The return of the kidnapped Dapchi schoolgirls indicates a change in Boko Haram’s tactics under the new leadership of Abu Musab al-Barnawi.
The militant group has split into two factions, one led by its old commander Abubakar Shekau and the other led by al-Barnawi who has the support of the Islamic State militant group.
In the past, Shekau refused to negotiate with the Nigerian government, most notably over the release of the Chibok schoolgirls who Boko Haram kidnapped in 2014.
It’s clear that this time al-Barnawi’s faction were willing to negotiate with the government and would definitely have got something in return.
The problem is that going forward, nothing stops the IS-linked militants from raiding another institution or community and abducting another set of people with the hope of once again hitting the jackpot.
It obviously does not help to bolster the very group you are trying to defeat by paying them ransoms and/or returning their imprisoned commanders, but the Nigerian government would rather avoid the kind of global disrepute that plagued the administration of the former president Goodluck Jonathan following its poor response to the kidnapping of the Chibok Girls.But Dapchi operation has not been without its own blunders.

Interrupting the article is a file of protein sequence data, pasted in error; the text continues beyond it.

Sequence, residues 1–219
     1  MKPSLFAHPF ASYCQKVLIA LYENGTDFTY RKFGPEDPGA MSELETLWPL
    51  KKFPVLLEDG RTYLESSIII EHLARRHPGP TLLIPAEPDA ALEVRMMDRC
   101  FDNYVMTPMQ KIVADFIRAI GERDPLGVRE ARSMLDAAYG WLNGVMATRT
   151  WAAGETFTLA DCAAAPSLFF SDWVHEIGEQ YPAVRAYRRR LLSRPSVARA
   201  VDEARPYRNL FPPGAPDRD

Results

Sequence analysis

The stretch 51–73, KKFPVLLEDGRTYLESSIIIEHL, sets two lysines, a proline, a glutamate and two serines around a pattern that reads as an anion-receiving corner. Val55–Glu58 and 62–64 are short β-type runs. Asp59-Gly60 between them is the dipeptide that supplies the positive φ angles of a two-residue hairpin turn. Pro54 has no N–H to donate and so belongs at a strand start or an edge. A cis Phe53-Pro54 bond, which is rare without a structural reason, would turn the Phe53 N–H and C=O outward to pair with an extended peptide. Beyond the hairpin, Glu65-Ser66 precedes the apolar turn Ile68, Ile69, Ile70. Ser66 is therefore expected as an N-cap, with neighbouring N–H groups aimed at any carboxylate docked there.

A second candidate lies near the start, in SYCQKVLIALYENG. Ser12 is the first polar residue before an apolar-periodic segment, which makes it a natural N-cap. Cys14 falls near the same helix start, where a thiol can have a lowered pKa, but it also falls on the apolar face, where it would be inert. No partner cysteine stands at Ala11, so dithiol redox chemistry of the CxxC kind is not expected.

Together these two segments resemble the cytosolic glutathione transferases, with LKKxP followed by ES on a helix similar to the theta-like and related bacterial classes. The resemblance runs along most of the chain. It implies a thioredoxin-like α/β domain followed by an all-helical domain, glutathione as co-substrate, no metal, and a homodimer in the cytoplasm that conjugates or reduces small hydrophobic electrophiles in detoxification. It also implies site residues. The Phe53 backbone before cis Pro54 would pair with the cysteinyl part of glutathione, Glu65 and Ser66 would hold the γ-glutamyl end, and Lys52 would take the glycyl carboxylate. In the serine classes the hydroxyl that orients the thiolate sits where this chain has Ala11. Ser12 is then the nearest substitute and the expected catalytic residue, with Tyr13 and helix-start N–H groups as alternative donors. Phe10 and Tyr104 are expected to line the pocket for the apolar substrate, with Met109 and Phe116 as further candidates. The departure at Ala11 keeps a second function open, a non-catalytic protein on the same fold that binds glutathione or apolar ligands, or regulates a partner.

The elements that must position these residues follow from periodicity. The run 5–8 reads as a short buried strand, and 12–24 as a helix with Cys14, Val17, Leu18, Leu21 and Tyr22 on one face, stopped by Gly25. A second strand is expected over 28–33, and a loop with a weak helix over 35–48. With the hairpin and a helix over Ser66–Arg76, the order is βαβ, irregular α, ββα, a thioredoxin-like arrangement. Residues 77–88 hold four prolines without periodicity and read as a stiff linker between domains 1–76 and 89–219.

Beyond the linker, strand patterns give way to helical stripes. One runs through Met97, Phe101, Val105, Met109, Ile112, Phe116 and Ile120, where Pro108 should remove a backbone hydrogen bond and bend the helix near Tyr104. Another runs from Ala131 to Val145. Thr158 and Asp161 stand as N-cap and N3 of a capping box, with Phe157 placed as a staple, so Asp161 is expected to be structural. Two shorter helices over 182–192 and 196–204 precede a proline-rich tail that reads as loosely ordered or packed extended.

The authorities first denied there was an abduction (even threatening girls’ parents who disputed the claims) and then stated the students had been rescued.
This sparked anger in the affected communities. President Buhari responded by visiting the area and promised that his government would do everything possible to secure the girls’ release.
Resolving the Dapchi abduction would bring relief to the girls, their families and other well-wishers but it indicates only a small public relations victory for the government.
This jihadi militants likely suffered no losses in the process and Boko Haram remains a scourge in Nigeria and across the borders in the Lake Chad Basin.